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FITNESS / KATHLEEN DOHENY

Athletic Socks Sport Lots of New Features

April 13, 1993|KATHLEEN DOHENY

Athletic socks used to be inexpensive, mostly white and performed basic functions, like soaking up sweat.

No more. Yesterday's one-style-fits-all socks are being inched out by a smorgasbord of other choices.

Now there are "performance socks," with subtle hints from manufacturers that these socks might just boost your workout skills or at least make exercise more comfortable. Athletic socks now come cushioned, padded and ventilated. Some are "sports-specific," with different varieties for hiking, skiing, running and walking.

Besides plain white or white-with-stripes, hues range from jazzy to subdued. But forget bargain-basement price tags. Today's trendiest, cushiest athletic socks can cost $16 a pair or more. Even so, business is booming. In 1991, Americans spent about $1.9 billion on athletic socks, according to the Sporting Goods Manufacturers Assn.

The Need for New Styles

This plethora of choices, manufacturers say, is driven by consumers, who write to complain about socks, says Gene Oeschger of Wigwam Mills Inc., a manufacturer of athletic socks.

Biggest complaints? Socks that leave feet feeling sweaty or cause blisters, along with socks that have a "bothersome toe seam," he says. New styles are designed to minimize the complaints.

Jonie Stephens knows about socks-gone-bad. The 43-year-old Westlake Village resident walks four times a week and sometimes grabs socks belonging to one of her three daughters by mistake. Sometimes they fit badly. "They don't stay in place," she groans, "or they bunch up." Sometimes her feet burn.

Sock Wars

In their quest for a piece of the sock pie, major manufacturers all promote their own model's uniqueness.

"Anybody can make a padded sock," sniffs Renee Pitra, a spokeswoman for Thorlo Inc., which makes sports-specific socks retailing for $6.50-$16. "But our patent is on variable density: Thorlo's running sock, for instance, has high density padding at the heel, low at the arch and high at the ball of the foot, where it is needed, she says. The aerobic sock has medium density padding at the heel, low at the arch and high at the ball.

What's in a name?

"Don't call it padding for Wigwam socks, it's cushioning," insists Oeschger, whose company last year introduced Ultimax (R) performance socks, which sell for $6.50-$15 a pair. The line includes styles for tennis, running, aerobic dance, walking, cycling and hiking/skiing.

"We don't use thick cushioning," he says, because "thin, dense cushioning is better. Ultimax also has a moisture control system. The top of the sock likes moisture, while the bottom does not." As a result, sweat is supposed to be drawn up and out. The Ultimax models also have an "anatomically shaped heel" for better fit, he says.

Sweet Soles, socks made by Allstate Hosiery Co., New York, come in styles for walking, aerobics and all-round sports, says Delores Parker, spokeswoman. "All have a patented, cushioned and ventilated sole," she says. Retail cost is $4-$6 a pair, depending on style.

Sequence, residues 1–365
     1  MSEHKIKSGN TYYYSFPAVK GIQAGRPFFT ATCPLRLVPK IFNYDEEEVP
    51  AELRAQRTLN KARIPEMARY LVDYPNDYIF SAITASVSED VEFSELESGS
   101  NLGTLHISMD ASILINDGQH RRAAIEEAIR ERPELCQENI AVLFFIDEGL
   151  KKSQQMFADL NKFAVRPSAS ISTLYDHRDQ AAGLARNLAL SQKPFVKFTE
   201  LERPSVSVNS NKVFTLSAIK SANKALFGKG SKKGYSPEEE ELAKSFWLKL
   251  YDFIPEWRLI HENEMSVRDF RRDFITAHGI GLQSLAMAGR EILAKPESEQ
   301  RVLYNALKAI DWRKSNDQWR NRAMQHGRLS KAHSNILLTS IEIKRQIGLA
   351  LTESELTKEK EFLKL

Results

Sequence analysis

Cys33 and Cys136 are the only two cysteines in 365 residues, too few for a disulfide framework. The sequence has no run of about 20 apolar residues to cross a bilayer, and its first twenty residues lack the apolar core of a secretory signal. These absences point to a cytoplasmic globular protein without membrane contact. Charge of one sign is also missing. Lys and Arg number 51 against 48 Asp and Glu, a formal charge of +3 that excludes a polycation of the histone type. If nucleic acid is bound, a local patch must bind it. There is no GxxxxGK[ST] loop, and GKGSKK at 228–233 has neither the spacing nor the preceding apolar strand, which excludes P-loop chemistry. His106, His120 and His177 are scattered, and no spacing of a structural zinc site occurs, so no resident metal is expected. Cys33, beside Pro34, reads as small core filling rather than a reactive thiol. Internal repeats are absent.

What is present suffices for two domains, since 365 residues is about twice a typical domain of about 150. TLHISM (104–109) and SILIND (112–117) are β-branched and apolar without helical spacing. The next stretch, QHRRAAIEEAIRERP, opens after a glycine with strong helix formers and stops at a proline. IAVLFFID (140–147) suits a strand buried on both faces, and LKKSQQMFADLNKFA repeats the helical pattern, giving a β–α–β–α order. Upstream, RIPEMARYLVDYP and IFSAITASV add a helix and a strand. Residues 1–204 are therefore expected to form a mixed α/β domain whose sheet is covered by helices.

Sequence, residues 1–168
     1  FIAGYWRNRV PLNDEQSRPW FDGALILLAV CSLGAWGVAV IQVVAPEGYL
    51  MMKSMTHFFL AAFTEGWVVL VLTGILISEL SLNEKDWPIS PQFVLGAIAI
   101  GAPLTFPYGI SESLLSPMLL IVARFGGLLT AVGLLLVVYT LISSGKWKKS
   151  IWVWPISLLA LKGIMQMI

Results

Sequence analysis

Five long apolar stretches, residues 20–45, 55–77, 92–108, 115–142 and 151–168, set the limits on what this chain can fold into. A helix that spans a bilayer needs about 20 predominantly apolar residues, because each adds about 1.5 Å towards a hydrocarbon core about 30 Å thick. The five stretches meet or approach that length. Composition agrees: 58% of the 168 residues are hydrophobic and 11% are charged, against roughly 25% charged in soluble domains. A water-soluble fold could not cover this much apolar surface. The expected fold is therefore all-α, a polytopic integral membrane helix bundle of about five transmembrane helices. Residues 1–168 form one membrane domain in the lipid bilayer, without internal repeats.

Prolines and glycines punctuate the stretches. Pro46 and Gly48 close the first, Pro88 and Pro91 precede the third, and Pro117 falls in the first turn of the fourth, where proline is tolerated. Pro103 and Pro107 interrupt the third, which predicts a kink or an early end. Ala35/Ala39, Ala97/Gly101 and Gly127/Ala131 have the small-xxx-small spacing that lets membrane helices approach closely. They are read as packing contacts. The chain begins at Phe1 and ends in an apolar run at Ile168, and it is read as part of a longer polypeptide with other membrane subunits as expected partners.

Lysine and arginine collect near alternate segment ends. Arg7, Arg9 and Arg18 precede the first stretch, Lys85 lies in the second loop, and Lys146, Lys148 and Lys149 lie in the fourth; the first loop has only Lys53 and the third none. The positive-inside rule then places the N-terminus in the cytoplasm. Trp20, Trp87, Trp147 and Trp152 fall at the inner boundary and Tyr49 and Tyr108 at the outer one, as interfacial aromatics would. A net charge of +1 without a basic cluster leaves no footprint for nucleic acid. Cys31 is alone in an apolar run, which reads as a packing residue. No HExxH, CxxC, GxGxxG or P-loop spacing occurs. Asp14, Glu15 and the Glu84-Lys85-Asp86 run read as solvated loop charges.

Fun or Functional?

So do you really need a pair of $15 socks or will a six-pack from the discount store do?

"If socks are not of decent enough quality, it could cause problems," says Dr. Jim Allen, a Malibu physician and former collegiate basketball player. "But it also depends on the exercise. Long-distance runners who wear cheap socks will pay with blisters. . . . But if you are playing casual tennis wearing cheap socks and good shoes, it's probably no big deal."

Suzanne Felson, a Seal Beach podiatrist, tells her athletic patients not to buy bottom-of-the-line socks for workouts. To avoid blisters, try socks with padding, she suggests, and try a material that helps wick away excess moisture.

Extra padding might especially help those with foot problems like hammer toes or bunions, some foot doctors say.

The Ongoing Fiber Debate

For years, podiatrists and other foot specialists have debated whether all-natural fiber socks or synthetic socks are better. Traditional wisdom was on the side of all-natural, but then the pendulum swung in favor of synthetic fibers, says Dean M. Wakefield, spokesman for the American Podiatric Medical Assn.

The "widely held opinion" among foot specialists, he says, is that acrylic blend socks--made of acrylic and natural fibers--produce fewer and smaller blisters.

But not everyone thinks the debate is over. Richard Gilbert, a San Diego podiatrist and consultant for the San Diego Chargers, prefers natural fibers--he wears wool socks.

Doubling Up Debate

Athletes in search of shock absorption often wear two pairs of socks. It's a common practice of runners, in particular, Gilbert finds. He says it's OK with this caveat: "If you want to double up, cut off the forefoot of the second pair of socks." That will increase comfort in the "toe box" area, he says.

Doubling up with padded socks isn't necessary or advised, says Pitra of Thorlo. "It will make your shoe fit too tightly."

Shopping Strategies

Whether your sock tastes run to beer or champagne, all-natural or blends, here's how to get the best fit:

Pay attention to the size chart.

"Don't wear socks too big or let them bunch," says podiatrist Felson. "Rubbing from a loose sock can cause blistering."

"The fewer the seams the better," says Gilbert. "Place the toe seam in a non-irritating position."

Knowing when it's time for new socks can save pain and grief. Once the elastic starts to give, Felson says, give up on that pair.

Hygiene Helps

The most comfortable, sweat-absorbing socks are for naught if hygiene's the problem. "It's tempting sometimes to pick out your old socks (from the day before)," says Allen. "But if you are prone to athletes' foot or other local dermatitis problems, it is smart to wear fresh socks every day."

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